Income Tax (Amendment) Bill sent to Special Select Committee
A Special Select Committee (SSC) has been formed to review the Income Tax (Amendment) Bill.
The decision was taken after hours of debate during Parliament on November 23, 2018.
The SSC was assigned to review the report on the Bill and report to Parliament by November 30, 2018, at the next sitting.
Those appointed to the SSC included Attorney General Faris Al-Rawi, Minister in the Ministry of the Attorney General, Fitzgerald Hinds, Finance Minister Colm Imbert, Tourism Minister Randall Mitchell, and two members to be selected by the Opposition.
However, Opposition Leader Kamla Persad-Bissessar said Opposition would not be joining the SSC.
Opposition Leader Kamla Persad-Bissessar stated that four other pieces of legislation must be passed in order to satisfy Global Forum deficiencies: The Mutual Administrative Assistance in Tax Matters Bill, 2018, the Tax Information Exchange Agreements Bill, 2018, an amendment to the Companies Act and the BEPS framework legislation.
She said the bills need to be finalised as a ‘complete package’.
Persad-Bissessar said Opposition listed three issues in its minority report: lack of judicial scrutiny, data protection issues (privacy rights) and the application of the Bill to all Trinidad and Tobago citizens, not just EU citizens.
However Al-Rawi said the Income Tax (Amendment) Bill was key in bringing addressing other matters related to the Global Forum.
“There is no Bill in this Parliament other than this Bill (in this session). This concept of returning to some JSC (Joint Select Committee) is not sensible because it has funked us. There are no other Bills (on the Order Paper).”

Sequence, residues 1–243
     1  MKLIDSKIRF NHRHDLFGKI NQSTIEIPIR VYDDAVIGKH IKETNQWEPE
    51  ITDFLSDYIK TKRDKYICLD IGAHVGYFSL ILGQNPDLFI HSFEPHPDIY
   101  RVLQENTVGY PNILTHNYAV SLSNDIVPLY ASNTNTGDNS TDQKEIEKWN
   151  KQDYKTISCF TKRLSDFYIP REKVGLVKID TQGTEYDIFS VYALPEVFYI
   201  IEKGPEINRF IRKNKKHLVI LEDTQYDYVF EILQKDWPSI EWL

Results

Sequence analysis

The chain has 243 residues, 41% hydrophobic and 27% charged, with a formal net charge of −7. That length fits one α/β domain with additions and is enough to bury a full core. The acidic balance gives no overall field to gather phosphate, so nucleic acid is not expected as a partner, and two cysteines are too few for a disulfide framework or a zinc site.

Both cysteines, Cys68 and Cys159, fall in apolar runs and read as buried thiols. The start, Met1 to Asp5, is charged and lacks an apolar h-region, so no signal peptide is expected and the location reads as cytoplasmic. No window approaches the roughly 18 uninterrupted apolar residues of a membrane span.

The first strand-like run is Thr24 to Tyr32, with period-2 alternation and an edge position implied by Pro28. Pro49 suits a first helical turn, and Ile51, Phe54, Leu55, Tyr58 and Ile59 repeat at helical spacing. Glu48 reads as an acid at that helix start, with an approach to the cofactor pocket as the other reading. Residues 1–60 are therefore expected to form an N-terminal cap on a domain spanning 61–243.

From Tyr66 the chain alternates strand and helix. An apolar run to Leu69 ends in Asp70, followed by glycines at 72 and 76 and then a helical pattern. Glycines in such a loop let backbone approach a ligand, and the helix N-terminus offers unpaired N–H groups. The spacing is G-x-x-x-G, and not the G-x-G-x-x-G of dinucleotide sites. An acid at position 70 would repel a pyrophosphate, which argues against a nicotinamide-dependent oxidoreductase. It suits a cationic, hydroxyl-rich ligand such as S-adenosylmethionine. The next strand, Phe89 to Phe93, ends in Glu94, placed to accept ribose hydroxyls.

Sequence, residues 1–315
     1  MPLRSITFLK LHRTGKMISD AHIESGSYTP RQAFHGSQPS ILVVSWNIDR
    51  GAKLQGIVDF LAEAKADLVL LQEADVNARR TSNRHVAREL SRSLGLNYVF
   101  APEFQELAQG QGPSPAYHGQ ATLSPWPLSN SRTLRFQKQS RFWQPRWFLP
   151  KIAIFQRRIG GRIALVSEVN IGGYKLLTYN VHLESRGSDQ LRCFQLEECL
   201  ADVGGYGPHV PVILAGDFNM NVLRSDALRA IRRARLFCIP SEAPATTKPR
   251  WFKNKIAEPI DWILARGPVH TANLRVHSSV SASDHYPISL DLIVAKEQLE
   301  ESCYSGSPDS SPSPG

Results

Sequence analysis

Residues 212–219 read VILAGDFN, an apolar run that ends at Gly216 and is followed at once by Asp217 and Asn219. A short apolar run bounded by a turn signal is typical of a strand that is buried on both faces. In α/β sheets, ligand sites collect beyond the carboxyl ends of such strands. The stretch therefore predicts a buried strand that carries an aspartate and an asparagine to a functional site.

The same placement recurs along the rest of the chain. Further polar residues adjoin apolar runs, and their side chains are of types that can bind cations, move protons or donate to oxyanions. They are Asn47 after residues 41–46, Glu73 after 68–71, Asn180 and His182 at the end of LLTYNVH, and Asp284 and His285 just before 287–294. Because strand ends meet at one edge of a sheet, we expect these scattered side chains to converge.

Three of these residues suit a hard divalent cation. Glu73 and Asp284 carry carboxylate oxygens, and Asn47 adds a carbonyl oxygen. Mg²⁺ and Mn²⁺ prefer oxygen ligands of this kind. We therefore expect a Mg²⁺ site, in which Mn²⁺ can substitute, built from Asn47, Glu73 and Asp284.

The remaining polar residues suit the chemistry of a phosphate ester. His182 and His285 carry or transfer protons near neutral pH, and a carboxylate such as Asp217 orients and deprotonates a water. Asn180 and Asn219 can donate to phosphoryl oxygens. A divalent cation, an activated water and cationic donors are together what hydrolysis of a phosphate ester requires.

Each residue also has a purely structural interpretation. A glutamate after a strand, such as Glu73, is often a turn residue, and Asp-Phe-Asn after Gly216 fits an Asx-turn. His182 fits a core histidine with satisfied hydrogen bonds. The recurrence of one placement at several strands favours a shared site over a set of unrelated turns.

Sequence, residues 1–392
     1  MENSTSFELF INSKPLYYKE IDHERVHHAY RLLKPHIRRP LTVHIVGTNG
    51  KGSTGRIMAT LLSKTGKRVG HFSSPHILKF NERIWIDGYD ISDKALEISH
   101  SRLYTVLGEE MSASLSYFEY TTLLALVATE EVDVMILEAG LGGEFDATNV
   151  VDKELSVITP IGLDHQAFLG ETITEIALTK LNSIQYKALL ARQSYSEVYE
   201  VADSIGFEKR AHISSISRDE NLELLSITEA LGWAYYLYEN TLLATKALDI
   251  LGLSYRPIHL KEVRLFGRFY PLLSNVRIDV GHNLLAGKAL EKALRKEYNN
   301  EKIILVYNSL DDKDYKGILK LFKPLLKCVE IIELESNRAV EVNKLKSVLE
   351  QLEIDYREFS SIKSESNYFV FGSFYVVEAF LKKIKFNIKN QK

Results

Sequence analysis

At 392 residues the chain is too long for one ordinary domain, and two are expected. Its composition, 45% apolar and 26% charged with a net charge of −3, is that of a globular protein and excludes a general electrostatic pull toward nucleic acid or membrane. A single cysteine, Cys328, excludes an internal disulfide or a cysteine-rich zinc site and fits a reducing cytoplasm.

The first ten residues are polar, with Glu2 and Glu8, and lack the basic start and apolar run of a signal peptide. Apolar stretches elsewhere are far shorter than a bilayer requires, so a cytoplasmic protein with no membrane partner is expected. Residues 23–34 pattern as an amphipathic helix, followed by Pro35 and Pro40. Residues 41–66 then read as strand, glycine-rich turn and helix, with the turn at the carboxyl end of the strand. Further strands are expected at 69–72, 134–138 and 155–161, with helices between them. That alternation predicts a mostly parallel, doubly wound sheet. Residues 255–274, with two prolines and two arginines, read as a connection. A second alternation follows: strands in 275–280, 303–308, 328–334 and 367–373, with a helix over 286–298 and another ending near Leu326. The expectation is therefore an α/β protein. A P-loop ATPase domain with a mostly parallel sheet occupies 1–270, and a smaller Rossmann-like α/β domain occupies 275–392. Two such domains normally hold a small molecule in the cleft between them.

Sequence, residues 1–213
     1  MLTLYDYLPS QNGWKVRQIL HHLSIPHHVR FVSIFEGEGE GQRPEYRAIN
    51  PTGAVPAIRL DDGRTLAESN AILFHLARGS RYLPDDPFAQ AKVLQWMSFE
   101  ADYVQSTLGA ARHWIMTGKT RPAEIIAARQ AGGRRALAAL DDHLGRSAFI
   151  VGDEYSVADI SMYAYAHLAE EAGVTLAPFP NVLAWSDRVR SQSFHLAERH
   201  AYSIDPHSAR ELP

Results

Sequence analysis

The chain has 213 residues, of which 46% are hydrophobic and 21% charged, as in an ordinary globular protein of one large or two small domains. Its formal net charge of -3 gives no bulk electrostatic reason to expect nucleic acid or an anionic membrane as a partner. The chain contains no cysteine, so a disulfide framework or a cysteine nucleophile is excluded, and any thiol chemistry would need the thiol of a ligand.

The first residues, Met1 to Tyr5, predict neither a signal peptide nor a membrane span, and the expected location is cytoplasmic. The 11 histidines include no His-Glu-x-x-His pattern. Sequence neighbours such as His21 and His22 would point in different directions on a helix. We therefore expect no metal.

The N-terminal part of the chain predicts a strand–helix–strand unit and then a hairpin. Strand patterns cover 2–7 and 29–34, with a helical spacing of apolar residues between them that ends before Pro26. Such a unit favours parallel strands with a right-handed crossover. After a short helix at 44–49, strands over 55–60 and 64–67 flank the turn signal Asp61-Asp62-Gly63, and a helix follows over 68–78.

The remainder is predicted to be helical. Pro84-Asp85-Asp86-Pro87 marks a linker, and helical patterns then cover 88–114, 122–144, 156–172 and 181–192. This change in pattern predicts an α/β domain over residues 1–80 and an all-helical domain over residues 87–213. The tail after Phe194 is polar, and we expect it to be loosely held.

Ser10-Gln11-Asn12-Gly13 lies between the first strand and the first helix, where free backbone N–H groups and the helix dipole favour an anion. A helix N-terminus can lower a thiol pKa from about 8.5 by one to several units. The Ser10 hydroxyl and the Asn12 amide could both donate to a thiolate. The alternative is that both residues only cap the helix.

“The Global Forum has said to us categorically that the key to entering into all of the other pieces (of legislation) flow and spring from the Income Tax (Amendment) Act,” he said.
The House was adjourned to Friday November 30, 2018 at 1:30 p.m.
In a media briefing prior to the session, Al-Rawi warned that the risk of non-compliance would result in sanctions that would equal ‘death by a thousand cuts’.
Al-Rawi referred to the resulting consequences of non-compliance as ‘death by a thousand cuts’.
“The consequences of non-compliance is death by a thousand cuts. This thing slowly finds itself into the application of what is called ‘de-risking’.”
“When the Global Forum publishes its report and this country is not able to respond by saying ‘we have passed the Income Tax Amendment Act’, we are going to be blacklisted and the application of sanctions will be death by a thousand cuts.”
“We have warned Trinidad and Tobago repeatedly over the course of two full years that this requirement had to be dealt with,” he said.
According to a Reuters report, European Union finance ministers removed Namibia from the bloc’s blacklist of tax havens on November 6, 2018.
The list now consists of five non-cooperative jurisdictions: American Samoa, Guam, Samoa, Trinidad and Tobago and the US Virgin Islands.
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